Penalty practice with Kanu to brutal non-league football: Nizic reveals whirlwind English adventure

It was only by chance that Danijel Nizic picked up the goalkeeper’s gloves as an 11-year-old.

The new Western Sydney Wanderers custodian didn’t have much of a say in the matter either, as an injury emergency forced him between the sticks during a St. George junior representative match.

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Naturally, he would go on to save a last-minute, match-saving penalty. Little did he know that only years after that moment, Nizic would be practising his penalty saves with one of the Premier League’s greatest forwards.

A year spent with Premier League cult heroes

After short training opportunities with Central Coast Mariners and Sydney FC, Nizic’s life was turned upside down when he accepted a one-year trial opportunity at Portsmouth in 2012.

The 16-year-old goalkeeper was then training with the likes of Kanu, Tal Ben-Haim and Dave Kitson in the Fratton Park first team.

“When I first saw Kanu, I was like oh my god… I remember seeing on TV,” Nizic told www.aleague.com.au.

“He always used to let me practice penalties with him.

“He was a really nice guy, not just to me but all the other players. Kanu was one of the players that just helped other or guided people.”

Kanu
Former Arsenal and Portsmouth striker Kanu.

'Serious work' in England's lower tiers

A scene that could easily have been yanked from a wild boyhood fantasy is just a glimpse of the extremes Nizic has lived through during seven years in England.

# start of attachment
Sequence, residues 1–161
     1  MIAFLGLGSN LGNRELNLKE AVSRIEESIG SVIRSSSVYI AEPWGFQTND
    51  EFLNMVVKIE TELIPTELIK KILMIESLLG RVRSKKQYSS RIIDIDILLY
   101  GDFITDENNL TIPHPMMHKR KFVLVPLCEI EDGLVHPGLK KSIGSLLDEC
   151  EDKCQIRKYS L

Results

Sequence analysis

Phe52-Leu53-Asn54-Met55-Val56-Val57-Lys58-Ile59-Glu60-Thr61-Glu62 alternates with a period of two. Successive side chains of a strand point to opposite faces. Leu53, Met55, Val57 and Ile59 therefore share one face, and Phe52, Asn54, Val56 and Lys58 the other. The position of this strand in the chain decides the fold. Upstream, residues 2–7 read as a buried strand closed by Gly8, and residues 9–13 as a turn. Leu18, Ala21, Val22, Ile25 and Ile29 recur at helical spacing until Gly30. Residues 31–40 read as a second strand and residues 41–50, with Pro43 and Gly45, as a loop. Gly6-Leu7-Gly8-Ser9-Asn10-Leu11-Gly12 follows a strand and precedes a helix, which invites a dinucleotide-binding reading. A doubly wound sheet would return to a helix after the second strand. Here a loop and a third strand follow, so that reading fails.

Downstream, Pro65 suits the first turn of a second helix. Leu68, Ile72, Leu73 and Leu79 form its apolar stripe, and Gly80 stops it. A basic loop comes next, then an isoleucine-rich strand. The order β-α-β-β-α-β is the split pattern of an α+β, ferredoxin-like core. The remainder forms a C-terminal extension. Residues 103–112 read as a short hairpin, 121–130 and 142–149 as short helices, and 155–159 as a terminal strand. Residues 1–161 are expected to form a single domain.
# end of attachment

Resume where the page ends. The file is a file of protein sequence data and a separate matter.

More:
One minute he was part of a goalkeeper’s union with Tom Heaton and Sydney FC’s Alex Cisak at Sean Dyche’s Burnley, the next he was being battered in England’s brutal lower divisions.

“Football is fun, but it was serious work,” he said.

“You had to win, there’s people’s jobs on the line, you’re playing for the fans.

“It toughens you up because it’s winter, it can be minus three, it’s muddy and wet and people are flying into tackles.

“Refs in the lower leagues are more lenient so people get away with a lot more. You do have to be careful there, especially me going up for crosses that would often go straight through me – you had to learn to toughen up and accept it, and just get back up against which was really good for my career.”

An offer too good to refuse

It has been a roller-coaster path to professionalism for Nizic, who is now back in Australia older, wiser and sporting the faintest English accent.

He concluded his English adventure with regular minutes at League Two’s Morecambe, but Nizic knew his journey was coming to an end when the Wanderers approached.

“As soon as Wanderers called I told my parents straight away,” he said.

“I said I’m seriously thinking about coming home.

“It’s a club that I love to play for, with great fans and so far I’ve been loving it. It’s a great club, I love it here.”

Nizic has already experienced a taste of the Red and Black, having spent three months training with the club during their famous AFC Asian Champions League win in 2014.

But after settling back in Australia for the long term, he’s now set on delivering on the promise that saw him move overseas all those years ago.

 “I’ll always remember the people I’ve gotten to meet… I’ve been up to see Premier League games and be a part of a Premier League team.

 “It’s something that I’ll always look at and be able to tell my kids.”

Nizic